American Animals criminals
[Image: The Orchard]

American Animals is a truly idiosyncratic movie. 

One part of it is a documentary, featuring interviews with childhood friends Warren Lipka, Spencer Reinhard, Eric Borsuk, and Chas Allen, who plotted to steal two of the rarest books in the world when they were students. 

While the other is a crime drama in the mold of “The Killing” and “Ocean’s Eleven,” as writer and director Bart Layton brings their heist and its planning to life with cinematic panache. 

These two approaches mold together beautifully, as Layton flaunts storytelling tradition to pull you closer and closer in for a riveting and hugely entertaining experience. Layton recently talked me through the production of “American Animals,” revealing that he originally stumbled upon the story by accident. 

 

“I picked up a plane magazine years ago and just read about the story and thought it was kind of bonkers. My background is in documentaries, so I am always on the look out for something that is stranger than fiction but is a true story.”

“This was a group of seemingly well-educated, privileged young men from seemingly good families that had planned to execute one of the most audacious art thefts in American history. I just desperately wanted to understand why they would attempt something like that, and if they ever thought they would get away with it.”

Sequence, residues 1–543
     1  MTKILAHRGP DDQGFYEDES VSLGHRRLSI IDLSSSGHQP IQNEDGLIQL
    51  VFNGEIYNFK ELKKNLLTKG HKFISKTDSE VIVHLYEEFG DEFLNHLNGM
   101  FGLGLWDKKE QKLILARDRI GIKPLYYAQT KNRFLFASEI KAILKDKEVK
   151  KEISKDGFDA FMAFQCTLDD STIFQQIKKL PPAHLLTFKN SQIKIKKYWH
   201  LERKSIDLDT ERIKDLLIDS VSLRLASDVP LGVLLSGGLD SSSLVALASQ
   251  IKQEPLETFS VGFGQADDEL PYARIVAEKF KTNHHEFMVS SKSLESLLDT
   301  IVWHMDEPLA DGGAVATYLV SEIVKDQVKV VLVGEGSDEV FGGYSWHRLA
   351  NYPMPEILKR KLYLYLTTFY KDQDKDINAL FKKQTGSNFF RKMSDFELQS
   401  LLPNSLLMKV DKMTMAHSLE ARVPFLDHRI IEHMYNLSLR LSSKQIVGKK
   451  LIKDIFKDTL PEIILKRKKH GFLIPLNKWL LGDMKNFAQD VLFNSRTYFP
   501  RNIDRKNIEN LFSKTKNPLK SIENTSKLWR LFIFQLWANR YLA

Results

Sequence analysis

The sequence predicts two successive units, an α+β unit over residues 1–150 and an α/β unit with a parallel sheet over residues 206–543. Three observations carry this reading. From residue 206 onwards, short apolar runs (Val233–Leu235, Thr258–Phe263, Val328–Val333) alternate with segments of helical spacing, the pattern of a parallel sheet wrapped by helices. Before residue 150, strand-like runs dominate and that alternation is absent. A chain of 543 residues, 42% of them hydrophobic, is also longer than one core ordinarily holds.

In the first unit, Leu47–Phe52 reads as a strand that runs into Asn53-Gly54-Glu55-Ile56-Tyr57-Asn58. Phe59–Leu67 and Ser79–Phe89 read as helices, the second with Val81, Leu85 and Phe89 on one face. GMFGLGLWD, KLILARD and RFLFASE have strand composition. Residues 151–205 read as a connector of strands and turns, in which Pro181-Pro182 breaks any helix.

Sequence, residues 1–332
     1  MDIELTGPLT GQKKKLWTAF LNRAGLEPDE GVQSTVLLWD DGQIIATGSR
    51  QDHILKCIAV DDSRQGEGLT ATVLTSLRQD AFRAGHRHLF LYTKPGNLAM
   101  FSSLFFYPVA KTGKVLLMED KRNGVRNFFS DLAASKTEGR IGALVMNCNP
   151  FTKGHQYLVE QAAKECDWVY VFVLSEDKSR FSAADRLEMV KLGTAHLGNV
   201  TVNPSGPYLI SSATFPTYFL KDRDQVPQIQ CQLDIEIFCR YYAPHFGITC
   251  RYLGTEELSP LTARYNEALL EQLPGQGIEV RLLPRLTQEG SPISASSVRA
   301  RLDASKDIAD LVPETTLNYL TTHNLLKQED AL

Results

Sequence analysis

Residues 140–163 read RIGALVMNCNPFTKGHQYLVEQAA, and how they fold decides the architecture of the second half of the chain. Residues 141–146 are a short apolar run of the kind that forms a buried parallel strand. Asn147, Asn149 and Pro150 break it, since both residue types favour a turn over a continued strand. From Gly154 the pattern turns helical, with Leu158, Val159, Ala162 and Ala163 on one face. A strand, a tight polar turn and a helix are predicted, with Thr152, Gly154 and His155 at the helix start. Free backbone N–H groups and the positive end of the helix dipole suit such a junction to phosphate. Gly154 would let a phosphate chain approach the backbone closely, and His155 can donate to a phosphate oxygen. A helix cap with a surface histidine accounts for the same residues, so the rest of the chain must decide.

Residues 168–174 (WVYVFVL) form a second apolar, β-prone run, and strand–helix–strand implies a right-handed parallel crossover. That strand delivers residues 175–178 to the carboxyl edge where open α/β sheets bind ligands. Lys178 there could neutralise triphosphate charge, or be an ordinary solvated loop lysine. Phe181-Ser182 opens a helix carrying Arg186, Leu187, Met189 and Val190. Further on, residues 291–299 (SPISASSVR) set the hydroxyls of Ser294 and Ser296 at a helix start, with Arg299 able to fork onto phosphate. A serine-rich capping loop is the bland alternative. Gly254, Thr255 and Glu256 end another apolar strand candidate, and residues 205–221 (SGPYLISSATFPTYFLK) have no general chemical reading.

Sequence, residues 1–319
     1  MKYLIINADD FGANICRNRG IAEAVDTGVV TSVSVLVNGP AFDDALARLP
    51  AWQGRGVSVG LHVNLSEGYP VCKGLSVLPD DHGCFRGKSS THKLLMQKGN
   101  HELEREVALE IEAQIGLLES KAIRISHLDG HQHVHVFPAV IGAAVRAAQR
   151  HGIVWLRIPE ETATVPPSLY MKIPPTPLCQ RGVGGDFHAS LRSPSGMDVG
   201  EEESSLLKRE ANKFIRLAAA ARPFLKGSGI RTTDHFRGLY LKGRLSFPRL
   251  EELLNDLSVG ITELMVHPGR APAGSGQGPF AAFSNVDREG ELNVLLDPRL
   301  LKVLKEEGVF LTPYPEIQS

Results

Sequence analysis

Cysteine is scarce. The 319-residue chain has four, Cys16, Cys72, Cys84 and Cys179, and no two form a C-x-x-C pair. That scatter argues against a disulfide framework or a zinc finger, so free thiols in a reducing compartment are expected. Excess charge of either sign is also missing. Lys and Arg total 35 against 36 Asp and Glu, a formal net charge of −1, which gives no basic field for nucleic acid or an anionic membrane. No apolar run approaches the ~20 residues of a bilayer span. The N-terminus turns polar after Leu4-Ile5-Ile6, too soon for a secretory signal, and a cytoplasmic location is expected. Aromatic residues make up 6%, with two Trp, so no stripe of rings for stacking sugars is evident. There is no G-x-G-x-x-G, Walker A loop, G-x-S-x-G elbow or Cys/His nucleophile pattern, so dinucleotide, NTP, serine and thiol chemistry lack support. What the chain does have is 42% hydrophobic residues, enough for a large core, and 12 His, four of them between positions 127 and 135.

“I was intrigued. But I didn’t think for a second at that moment how to make a movie about it.”

Layton’s first step was to write to those involved in the heist. “I started to write to them. It was the things they put into their letters that made me think that it was more than a good story, it was a brilliant story. And it was about something worth making a movie about. It is about lost young men looking for an identity.”

It was during these correspondences that Layton realized he had a unique opportunity to blend narrative drama with documentary. “My starting point is always what is the best particular way to tell this story.”

“I made a film a few years ago called ‘The Imposter.’ Which was probably the most incredible true story I have ever come upon. It was clear that if you fictionalized that and turned it into a straight narrative you would lose a lot of what made it so great.” 

“With this it was a similarly unbelievable story, but it was about young men trying to inhabit a movie instead of reality. I thought there was the opportunity to find a new way of telling a true story that you haven’t ever seen before.”

“It wasn’t in any way a documentary. It is a proper heist movie, it is a rollercoaster ride, but at the same time there is a way of connecting the audience to the fact that it really happened, and that these guys are real, and that the consequences are real. You are effectively engaging on a deeper level with the whole thing.”

You can try and engage with “American Animals” on this deeper level when it is released on June 1st.

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